What impact has Covid had on gender equality? How much progress had we really made before the pandemic? In this post, Laura Drury observes the impact of Covid on the work-life balance of mothers in particular.
I was surprised to read in the news last week (Thursday 4th February) that the government is to update a long held maternity leave law. As a result of this, Suella Braverman, the government’s chief law officer, will be able to take 6 months maternity leave after the birth of her second child.
Surprised because, in my naivety, I presumed anyone in the UK could take maternity leave, no matter what their role.
Whilst this decision is to be welcomed, isn’t it 90 or so years too late? The report made me question how much progress have we really made towards equality? Are we even further behind than we thought? If so, why and what can we do to speed things up?
Taking these things into consideration I recalled a conversation I had with a customer (who works full time) about the balance (or lack thereof) between working and home-schooling during lockdown. We both bemoaned our other halves; how they could slink off to the study and lock themselves away, whilst we muddled our way through.
This type of conversation isn’t the first one I’ve had. Other clients and most of my female friends are in the same situation.
At this point, I want to stress that this is not a slight on fathers or partners who don’t do the home-schooling. This pandemic has affected us all differently and each family is managing in the way that best suits them.
I’m just curious as to why, more often than not, it falls on the mother’s shoulders? Is it history repeating itself? Why is it when there’s one male and one female in a partnership, it’s invariably the mother that takes up the mantle of home teacher?
My suspicions were backed up by a report in the news this week. Policies designed to offer support throughout Covid are ‘repeatedly skewed towards men’. This starts to provide us with some clarity.
I’m also concerned about the impression this gives our children. I constantly remind mine that, “It’s not just Daddy, I work too!” and I can almost hear them thinking, ‘the lady doth protest too much!’ My husband and I like to think that we are ‘hot’ on gender equality and yet, at the moment, my children’s perception may be a little skewed. How will that help to improve gender equality in the future?
For us to make any real changes going forward we need to lead by example. In her book, ‘We Should All Be Feminists’, Chimamanda Ngozi Adichie says, ‘We must raise our daughters differently. We must also raise our sons differently’.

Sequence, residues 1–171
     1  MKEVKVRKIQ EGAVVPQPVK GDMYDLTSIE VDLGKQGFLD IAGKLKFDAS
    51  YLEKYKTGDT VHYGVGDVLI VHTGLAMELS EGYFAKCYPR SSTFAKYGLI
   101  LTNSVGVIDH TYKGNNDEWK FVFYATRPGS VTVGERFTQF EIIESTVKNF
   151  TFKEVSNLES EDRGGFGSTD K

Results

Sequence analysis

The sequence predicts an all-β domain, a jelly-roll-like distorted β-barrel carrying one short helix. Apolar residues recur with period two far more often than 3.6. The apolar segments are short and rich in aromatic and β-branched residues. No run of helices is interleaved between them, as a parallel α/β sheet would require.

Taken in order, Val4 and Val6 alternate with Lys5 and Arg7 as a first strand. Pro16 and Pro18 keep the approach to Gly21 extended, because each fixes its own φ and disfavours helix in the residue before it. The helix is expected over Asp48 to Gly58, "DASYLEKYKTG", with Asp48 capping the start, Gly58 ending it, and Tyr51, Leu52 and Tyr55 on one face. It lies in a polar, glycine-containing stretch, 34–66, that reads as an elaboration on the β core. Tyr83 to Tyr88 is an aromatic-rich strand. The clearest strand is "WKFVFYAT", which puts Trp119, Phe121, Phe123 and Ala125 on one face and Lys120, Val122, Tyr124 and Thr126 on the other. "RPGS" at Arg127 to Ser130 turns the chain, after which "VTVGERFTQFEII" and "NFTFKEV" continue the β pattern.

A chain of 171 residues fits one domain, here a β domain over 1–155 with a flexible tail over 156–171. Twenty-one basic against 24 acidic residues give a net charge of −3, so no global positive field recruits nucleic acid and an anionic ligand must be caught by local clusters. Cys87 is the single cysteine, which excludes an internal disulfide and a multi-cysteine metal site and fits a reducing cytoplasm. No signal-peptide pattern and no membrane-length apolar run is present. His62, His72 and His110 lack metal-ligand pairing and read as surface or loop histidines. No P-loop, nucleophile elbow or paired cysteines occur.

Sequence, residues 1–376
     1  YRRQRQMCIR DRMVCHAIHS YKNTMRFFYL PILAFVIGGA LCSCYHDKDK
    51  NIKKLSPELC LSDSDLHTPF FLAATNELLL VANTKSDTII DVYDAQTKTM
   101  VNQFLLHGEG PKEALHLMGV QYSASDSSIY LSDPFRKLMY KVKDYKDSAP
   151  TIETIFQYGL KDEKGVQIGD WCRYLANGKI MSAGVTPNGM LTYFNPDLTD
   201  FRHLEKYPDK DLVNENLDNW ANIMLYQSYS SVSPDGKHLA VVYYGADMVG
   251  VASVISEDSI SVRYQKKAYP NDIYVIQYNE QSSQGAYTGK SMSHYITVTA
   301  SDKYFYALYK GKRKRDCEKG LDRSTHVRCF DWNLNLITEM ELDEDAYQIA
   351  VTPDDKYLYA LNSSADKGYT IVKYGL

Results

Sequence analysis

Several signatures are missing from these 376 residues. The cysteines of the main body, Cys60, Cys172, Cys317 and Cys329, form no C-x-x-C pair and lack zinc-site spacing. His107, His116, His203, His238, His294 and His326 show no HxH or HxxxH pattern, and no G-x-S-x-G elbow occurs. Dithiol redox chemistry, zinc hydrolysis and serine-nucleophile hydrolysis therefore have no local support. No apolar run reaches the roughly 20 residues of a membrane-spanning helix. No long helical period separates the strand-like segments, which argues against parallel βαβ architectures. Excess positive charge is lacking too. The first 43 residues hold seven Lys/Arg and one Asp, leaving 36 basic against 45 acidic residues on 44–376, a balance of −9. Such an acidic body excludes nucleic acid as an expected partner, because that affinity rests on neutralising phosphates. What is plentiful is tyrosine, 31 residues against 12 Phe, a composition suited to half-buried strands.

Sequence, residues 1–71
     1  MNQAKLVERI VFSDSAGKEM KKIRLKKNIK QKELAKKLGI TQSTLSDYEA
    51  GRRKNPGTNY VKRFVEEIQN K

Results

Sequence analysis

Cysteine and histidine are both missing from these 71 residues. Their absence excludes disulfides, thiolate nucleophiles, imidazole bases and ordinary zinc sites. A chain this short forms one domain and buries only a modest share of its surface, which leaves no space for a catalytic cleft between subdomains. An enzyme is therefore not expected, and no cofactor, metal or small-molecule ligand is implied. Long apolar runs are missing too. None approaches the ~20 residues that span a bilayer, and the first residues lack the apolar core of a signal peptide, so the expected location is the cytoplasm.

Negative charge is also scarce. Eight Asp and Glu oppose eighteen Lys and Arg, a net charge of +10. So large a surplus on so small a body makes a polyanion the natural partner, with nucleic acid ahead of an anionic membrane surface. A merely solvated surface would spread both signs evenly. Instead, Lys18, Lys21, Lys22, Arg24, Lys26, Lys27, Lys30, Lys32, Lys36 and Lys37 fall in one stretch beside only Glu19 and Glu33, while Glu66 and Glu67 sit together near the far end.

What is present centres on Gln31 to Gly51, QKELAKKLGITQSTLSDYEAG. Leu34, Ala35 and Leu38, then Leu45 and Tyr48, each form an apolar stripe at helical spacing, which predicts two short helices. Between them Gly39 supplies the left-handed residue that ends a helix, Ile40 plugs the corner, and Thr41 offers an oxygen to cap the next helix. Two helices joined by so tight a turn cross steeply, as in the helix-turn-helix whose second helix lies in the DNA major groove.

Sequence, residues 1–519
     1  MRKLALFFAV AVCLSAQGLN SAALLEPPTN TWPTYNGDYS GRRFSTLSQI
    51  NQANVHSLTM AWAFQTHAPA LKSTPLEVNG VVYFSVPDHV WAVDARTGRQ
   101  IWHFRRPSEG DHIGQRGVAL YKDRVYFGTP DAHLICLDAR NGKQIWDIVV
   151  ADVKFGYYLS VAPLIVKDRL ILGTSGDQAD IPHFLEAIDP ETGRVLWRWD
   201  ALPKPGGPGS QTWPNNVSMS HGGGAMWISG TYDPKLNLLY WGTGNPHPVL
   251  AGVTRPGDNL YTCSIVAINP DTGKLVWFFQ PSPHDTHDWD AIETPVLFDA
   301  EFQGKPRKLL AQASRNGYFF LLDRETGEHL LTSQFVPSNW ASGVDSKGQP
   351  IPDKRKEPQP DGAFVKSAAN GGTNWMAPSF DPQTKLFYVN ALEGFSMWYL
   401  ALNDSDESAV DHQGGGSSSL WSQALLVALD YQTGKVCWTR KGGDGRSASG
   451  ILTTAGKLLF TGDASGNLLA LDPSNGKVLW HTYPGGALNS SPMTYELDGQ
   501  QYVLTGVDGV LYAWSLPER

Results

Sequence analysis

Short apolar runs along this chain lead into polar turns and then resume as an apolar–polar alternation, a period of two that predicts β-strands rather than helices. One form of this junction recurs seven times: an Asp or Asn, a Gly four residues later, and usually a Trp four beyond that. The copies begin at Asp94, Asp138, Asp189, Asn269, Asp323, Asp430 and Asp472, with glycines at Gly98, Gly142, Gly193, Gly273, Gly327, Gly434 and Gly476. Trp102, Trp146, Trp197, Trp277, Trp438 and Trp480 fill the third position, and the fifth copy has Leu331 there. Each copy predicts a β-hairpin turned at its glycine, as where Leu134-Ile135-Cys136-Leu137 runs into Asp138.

It’s not enough to encourage our daughters to fight for equality but also our sons. Regardless of gender, we should challenge our children to be courageous, vulnerable and human. We should make it harder to define the difference between masculinity and femininity, allowing each child to be the individual they choose to be.
No doubt that this starts in the home, with the choices we make in how we raise our children, but (as well as governmental policy) there’s also a role that organisations can play. Rather than employers giving mothers the flexibility to fit it all in, why not give fathers the same flexibility, so they can share the burden? In doing so partners, husbands and wives could commit to their work equally.
Gender equality and fairness isn’t a matter of giving women more opportunity for promotion, equal pay and maternity leave. Neither does it mean creating a culture that supports a mother to choose their child’s nativity/birthday/sports match over a meeting. It means thinking differently.
How can we alter the roles for everyone in an organisation, men included, to achieve true equality? How can we support our employees so that they can support their partners at home when their family grows?
In his book Rebel Ideas, Matthew Syed suggests that whatever you’re working on, for the best outcomes, we need cognitive diversity. This means a group of people, who think completely differently to each other, working together. We need more cognitive diversity, therefore, when creating governmental and organisational policies covering the way in which we work.
How can we think differently about them?
Equality is intrinsically linked to our wellbeing. Perhaps if, culturally, we gave everyone the flexibility to give family and/or home life the same importance as work (or slightly more), then both issues would be addressed. You will never find a more loyal, reliable or productive employee than a parent/carer who isn’t made to feel guilty for putting their child(ren) first.
Nor, for that matter, their mother, father, aunt, uncle or closest friend who is as much family to them as anyone else. If ever there was evidence to prove that human connection and support is imperative to positive mental health and productivity, this pandemic is it.
Being a Laughologist, I want to end this piece on a positive note. Whilst we still have a long way to go, it’s important to remember that we’ve made progress in matters of equality, diversity and inclusivity as well.
My question to you, then, is what can you do, whoever you are, to further reduce the gap?